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He Came to the US for the Dream of Becoming a Dentist


Written on Humans of New York on 21 December 2012:
This man was driving me across Tehran yesterday, when I learned that he'd lived for 8 years in America-- incidentally on the same STREET as me in Georgia.
He first crossed into the United States from Mexico-- paying $1,500 to be transported across the border. He wanted to go to University and be a dentist, but learned that the idea of America was much more bountiful than the reality. He worked at a factory job for 8 years, without ever being able to get a drivers license. He wasn't able to find a foothold in society. After 9/11, he said things got much tougher for Middle Eastern immigrants. "I had a great passion for the American people," he said. "When 9/11 happened, I had no money, so instead I gave my blood." Five years ago he spent a night in jail for driving without a license. He decided he was tired of being nervous all the time, and he went all out for a green card. When he was turned down, he returned to Iran.

His fee for a 45 minute taxi ride across Tehran was only $6. I paid him the rate he'd have received in America, and asked for his photograph. He was the kind of man I most admire. The kind that realizes you get one shot at life, and risks everything to make the best of it. I was sorry it didn't work out for him.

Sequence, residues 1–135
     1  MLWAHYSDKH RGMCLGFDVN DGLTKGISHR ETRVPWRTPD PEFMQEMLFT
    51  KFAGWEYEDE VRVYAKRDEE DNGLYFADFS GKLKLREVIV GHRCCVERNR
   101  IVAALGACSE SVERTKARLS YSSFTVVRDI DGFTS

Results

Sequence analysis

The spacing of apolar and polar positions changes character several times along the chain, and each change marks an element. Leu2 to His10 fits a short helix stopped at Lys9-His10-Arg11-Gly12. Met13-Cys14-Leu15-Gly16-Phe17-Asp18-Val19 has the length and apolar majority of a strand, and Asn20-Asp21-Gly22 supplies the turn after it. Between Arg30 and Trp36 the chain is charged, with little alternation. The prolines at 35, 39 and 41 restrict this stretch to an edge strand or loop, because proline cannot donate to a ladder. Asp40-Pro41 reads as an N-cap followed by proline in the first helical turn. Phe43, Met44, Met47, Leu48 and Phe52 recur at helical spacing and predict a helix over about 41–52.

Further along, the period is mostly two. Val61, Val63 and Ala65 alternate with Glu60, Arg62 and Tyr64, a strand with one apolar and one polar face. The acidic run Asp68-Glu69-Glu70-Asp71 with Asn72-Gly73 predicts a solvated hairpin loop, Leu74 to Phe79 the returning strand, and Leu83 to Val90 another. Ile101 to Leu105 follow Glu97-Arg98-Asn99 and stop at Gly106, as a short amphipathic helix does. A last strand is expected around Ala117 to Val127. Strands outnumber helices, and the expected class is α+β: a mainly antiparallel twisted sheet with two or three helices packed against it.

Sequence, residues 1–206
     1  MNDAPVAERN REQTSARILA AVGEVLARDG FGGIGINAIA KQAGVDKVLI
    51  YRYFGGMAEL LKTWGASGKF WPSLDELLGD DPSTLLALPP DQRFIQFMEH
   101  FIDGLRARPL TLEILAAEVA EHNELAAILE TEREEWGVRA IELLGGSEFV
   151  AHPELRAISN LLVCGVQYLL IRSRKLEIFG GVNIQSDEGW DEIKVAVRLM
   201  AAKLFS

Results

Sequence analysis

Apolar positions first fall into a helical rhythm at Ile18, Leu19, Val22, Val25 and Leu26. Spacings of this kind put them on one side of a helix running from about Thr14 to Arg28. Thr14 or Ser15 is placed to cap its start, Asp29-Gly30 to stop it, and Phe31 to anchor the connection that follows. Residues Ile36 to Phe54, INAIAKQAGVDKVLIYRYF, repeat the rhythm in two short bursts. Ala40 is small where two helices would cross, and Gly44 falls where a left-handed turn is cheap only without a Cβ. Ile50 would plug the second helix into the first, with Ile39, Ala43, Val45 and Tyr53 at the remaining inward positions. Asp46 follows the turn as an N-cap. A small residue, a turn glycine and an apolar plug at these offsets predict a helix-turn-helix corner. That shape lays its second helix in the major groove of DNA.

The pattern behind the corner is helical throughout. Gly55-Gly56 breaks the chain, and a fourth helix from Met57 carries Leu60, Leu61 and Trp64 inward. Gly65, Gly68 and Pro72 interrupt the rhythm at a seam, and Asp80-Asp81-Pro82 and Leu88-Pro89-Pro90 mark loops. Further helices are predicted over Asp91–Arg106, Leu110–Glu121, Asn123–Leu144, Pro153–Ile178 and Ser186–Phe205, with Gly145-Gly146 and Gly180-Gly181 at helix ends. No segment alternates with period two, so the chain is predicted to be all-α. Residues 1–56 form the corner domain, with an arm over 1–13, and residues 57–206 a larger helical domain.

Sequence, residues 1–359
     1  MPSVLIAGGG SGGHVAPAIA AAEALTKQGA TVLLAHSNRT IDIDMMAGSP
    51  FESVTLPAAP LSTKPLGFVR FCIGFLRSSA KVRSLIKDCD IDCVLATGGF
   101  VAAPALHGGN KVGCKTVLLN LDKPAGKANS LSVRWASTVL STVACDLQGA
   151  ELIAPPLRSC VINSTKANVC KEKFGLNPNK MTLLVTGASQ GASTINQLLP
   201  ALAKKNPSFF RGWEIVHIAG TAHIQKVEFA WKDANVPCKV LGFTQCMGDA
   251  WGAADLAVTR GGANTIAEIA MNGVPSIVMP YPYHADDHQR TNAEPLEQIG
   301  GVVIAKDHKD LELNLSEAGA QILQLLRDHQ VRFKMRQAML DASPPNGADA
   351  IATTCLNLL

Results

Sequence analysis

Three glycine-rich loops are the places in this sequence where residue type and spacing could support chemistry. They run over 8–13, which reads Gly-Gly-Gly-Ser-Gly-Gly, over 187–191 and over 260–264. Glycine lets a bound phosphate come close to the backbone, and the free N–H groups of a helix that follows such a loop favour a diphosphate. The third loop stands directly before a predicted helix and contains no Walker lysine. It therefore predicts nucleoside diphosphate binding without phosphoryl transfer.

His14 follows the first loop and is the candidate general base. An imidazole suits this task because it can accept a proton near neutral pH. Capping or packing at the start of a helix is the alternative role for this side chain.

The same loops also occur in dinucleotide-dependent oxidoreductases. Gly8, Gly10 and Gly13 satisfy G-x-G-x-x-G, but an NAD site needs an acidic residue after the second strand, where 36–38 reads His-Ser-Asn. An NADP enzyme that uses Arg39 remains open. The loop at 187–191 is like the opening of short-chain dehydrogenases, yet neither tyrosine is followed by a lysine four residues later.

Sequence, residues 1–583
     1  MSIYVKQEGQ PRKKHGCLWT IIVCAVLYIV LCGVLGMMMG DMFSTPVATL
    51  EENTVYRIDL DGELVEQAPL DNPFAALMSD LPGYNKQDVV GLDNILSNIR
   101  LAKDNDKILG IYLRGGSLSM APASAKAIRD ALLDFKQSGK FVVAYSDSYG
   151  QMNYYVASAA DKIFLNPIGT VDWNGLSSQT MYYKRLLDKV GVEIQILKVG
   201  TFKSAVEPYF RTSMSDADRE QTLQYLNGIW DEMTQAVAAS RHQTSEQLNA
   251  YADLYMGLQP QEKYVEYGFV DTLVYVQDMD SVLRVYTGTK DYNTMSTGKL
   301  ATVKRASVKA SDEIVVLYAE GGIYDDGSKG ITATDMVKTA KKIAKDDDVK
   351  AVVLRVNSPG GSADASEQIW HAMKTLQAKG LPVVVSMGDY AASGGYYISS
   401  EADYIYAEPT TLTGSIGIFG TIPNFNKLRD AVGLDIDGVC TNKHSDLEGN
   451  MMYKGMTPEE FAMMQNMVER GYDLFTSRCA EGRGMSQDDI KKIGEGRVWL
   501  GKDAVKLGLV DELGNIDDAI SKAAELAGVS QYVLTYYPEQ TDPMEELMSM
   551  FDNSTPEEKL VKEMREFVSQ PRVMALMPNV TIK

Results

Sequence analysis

"It was my destiny," he said. He didn't sound like he believed his own words though.
"Are you married?" I asked.
"Yes. I met my wife when I returned to Iran."
"Well there you go," I said.

As I prepared to take his photograph, he made one request: "Don't photograph me with the taxi," he said, "it's a low class job."
"It's not a low class job," I said. "It's the job of people who take huge risks so their children can be lawyers and surgeons."

His fee for a 45 minute taxi ride across Tehran was only $6. I paid him the rate he'd have received in America, and asked for his photograph. He was the kind of man I most admire. The kind that realizes you get one shot at life, and risks everything to make the best of it. I was sorry it didn't work out for him."It was my destiny," he said. He didn't sound like he believed his own words though."Are you married?" I asked."Yes. I met my wife when I returned to Iran.""Well there you go," I said. 
As I prepared to take his photograph, he made one request: "Don't photograph me with the taxi," he said, "it's a low class job." "It's not a low class job," I said. "It's the job of people who take huge risks so their children can be lawyers and surgeons."

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